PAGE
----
The Allen Place - Lincoln Street Historic District
Located just outside of the formal Downtown neighborhoods of Hartford, CT the Allen Place – Lincoln Street Historic District serves as a well-preserved example of turn-of-the-century white-collar living. With many of the homes having been constructed in the Queen Anne style, the Allen Place – Lincoln Street Historic District offers a uniquely characterized glance at the styles and norms of middle- and upper-class residence in Hartford.
Backstory and Context
The Allen Place – Lincoln Street Historic District is largely comprised of the work of four notable architects:
Walter T. Arnold – The least information has been found about this particular architect, most of which is source from building permits. In this neighborhood, he built 137-139 Allen Place. He also constructed at least seven other homes in the area.
Berenson and Goodrich - This partnership was behind the construction of 54 – 56 Affleck and 1141 – 1143 Broad Street. Having done all of their work in Hartford between the years of 1913 and 1915, Julius Berenson and Ernest S. Goodrich undertook a number of commissions in the area of southern Hartford and the West End.
William H. Scovill – The designer of 17, 18, 23, 36-38, 40-42, and 44-46 Lincoln Street, William Scovill’s influence in the neighborhood is undeniable. His style was particularly identifiable, featuring unorthodox combinations that earned him a reputation for architectural flourish. His work introduced frame houses to the West End, and evidence points to Scovill having the largest architectural resume in the entire city of Hartford.
George A. Zunner, Sr. - The designer of the Christ Evangelical Lutheran Church on Broad St. George A. Zunner was a storied architect who did work all over the United States. His work appeared in Chicago, Boston, New York City, and beyond. He is now easily recognized as one of Hartford’s most storied and notable architects. In the Allen Place – Lincoln Street Historic District, he is most recognized for his work on the Christ Evangelical, but he also built a similarly-styled church, the Broadview Community Church, on Oliver Street, which is still in use to this day.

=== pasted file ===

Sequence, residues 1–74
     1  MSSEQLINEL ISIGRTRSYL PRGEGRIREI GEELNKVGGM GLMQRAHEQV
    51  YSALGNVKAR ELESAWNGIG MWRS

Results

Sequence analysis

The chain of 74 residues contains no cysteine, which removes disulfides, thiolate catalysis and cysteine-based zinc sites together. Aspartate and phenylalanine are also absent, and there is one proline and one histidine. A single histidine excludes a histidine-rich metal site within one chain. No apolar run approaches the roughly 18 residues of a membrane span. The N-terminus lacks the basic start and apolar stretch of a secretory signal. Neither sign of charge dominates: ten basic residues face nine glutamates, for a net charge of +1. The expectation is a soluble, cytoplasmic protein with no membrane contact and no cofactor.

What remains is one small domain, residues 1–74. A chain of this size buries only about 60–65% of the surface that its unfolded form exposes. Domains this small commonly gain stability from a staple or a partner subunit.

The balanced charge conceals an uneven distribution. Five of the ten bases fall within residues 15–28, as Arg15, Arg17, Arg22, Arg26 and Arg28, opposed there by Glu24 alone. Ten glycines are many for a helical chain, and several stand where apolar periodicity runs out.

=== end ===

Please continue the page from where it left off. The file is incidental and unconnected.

The Allen Place – Lincoln Street District started its history as rich farmland that bloomed into a dense urban neighborhood. This radical transformation is remarkably visible in the maps of Hartford at the turn of the century. In the decades between 1880 and 1920, Allen Place – Lincoln Street changed fundamentally, with major changes in residential density occurring alongside the rise of new streets and roads.
Much of the land in this district belonged to one of a small group of land developers, the foremost of whom was John A. Allen, whose name is reflected in that of Allen Place. John P. Harbison, who was most well-known for his leadership of the Hartford City Gas Light Company, was the second largest contributor to the early neighborhood. He was responsible for the construction of four beautiful brick homes along Allen Place.
William Scoville was both a designer and a developer in the Allen Place neighborhood. While John A. Allen was the most prominent land owner, Scoville developed the land the most by far. His influence was slow and steady throughout the early years of the 20th century. In this way, he differed from many of his colleagues, whose work tended to unfold throughout the course of a few short years.
The early 1900s were the most significant decades of development for the neighborhood, with dozens upon dozens of homes rising throughout the turn of the century and beyond. Broad Street, Allen Place, Vernon Street, and Lincoln all received new residences, and by the middle of the late 1930s, the district was as densely populated as it is in the modern day.
Throughout these evolutionary years, the population of Hartford changed greatly, and with it, so did the population of the Allen Place District. White collar workers, like clerks, lawyers, and financial professionals, largely populated the burgeoning district throughout the years of the early 20th century. In fact, the documentation maintained by the National Park Service records the professions of numerous of the residents of the neighborhood. In these records there was not a single recorded factory worker who lived in the houses of the Lincoln-Allen neighborhood.
The styles present in the neighborhood are considered highly representative of the times; the designs associated with the Queen Anne style and the Colonial Revival style are highly visible into the modern day. Many of the houses built by each of the neighborhood’s developers used a similar or identical floor plan, meaning that there is a mosaic of uniform patches of development throughout the neighborhood.
NPS NRHP Documentation for the Allen - Lincoln District. National Park Service NRHP. July 15, 2003. Accessed December 31, 2018. https://npgallery.nps.gov/NRHP/GetAsset/NRHP/03000815_text. Official recognition paperwork of the Historic District
Photo Record of the Allen Place - Lincoln Street Historic District. NPS NRHP Archive. July 15, 2003. Accessed December 31, 2018. https://npgallery.nps.gov/GetAsset/0dc09a05-d151-427d-a0d8-46bc924a4fef. Photo Record of the District kept by the NPS